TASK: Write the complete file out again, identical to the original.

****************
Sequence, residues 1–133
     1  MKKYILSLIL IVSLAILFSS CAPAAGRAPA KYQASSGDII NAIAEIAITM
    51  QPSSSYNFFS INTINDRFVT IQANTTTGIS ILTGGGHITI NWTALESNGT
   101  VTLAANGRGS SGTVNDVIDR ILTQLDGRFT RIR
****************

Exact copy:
Sequence, residues 1–133
     1  MKKYILSLIL IVSLAILFSS CAPAAGRAPA KYQASSGDII NAIAEIAITM
    51  QPSSSYNFFS INTINDRFVT IQANTTTGIS ILTGGGHITI NWTALESNGT
   101  VTLAANGRGS SGTVNDVIDR ILTQLDGRFT RIR